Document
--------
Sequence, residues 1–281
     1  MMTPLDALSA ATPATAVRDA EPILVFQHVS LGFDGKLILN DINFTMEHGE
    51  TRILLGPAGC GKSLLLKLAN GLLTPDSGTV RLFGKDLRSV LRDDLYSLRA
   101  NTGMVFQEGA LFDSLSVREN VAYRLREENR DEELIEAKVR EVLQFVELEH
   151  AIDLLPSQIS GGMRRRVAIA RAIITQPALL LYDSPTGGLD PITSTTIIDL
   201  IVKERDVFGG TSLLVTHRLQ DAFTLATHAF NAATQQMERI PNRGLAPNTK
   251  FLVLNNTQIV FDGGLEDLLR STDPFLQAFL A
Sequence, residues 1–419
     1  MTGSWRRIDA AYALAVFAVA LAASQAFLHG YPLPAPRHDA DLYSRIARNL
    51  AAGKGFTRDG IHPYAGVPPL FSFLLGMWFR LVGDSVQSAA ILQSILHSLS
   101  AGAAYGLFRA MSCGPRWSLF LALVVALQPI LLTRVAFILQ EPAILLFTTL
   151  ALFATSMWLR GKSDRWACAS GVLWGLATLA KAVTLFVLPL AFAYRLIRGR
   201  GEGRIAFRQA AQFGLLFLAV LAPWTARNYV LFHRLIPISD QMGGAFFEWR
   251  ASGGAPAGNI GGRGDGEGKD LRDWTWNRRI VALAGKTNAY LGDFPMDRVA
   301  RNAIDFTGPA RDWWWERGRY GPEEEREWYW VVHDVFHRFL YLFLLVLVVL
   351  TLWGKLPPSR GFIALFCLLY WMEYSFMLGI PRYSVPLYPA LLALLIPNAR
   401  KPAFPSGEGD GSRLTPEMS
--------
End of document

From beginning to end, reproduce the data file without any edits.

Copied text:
Sequence, residues 1–281
     1  MMTPLDALSA ATPATAVRDA EPILVFQHVS LGFDGKLILN DINFTMEHGE
    51  TRILLGPAGC GKSLLLKLAN GLLTPDSGTV RLFGKDLRSV LRDDLYSLRA
   101  NTGMVFQEGA LFDSLSVREN VAYRLREENR DEELIEAKVR EVLQFVELEH
   151  AIDLLPSQIS GGMRRRVAIA RAIITQPALL LYDSPTGGLD PITSTTIIDL
   201  IVKERDVFGG TSLLVTHRLQ DAFTLATHAF NAATQQMERI PNRGLAPNTK
   251  FLVLNNTQIV FDGGLEDLLR STDPFLQAFL A
Sequence, residues 1–419
     1  MTGSWRRIDA AYALAVFAVA LAASQAFLHG YPLPAPRHDA DLYSRIARNL
    51  AAGKGFTRDG IHPYAGVPPL FSFLLGMWFR LVGDSVQSAA ILQSILHSLS
   101  AGAAYGLFRA MSCGPRWSLF LALVVALQPI LLTRVAFILQ EPAILLFTTL
   151  ALFATSMWLR GKSDRWACAS GVLWGLATLA KAVTLFVLPL AFAYRLIRGR
   201  GEGRIAFRQA AQFGLLFLAV LAPWTARNYV LFHRLIPISD QMGGAFFEWR
   251  ASGGAPAGNI GGRGDGEGKD LRDWTWNRRI VALAGKTNAY LGDFPMDRVA
   301  RNAIDFTGPA RDWWWERGRY GPEEEREWYW VVHDVFHRFL YLFLLVLVVL
   351  TLWGKLPPSR GFIALFCLLY WMEYSFMLGI PRYSVPLYPA LLALLIPNAR
   401  KPAFPSGEGD GSRLTPEMS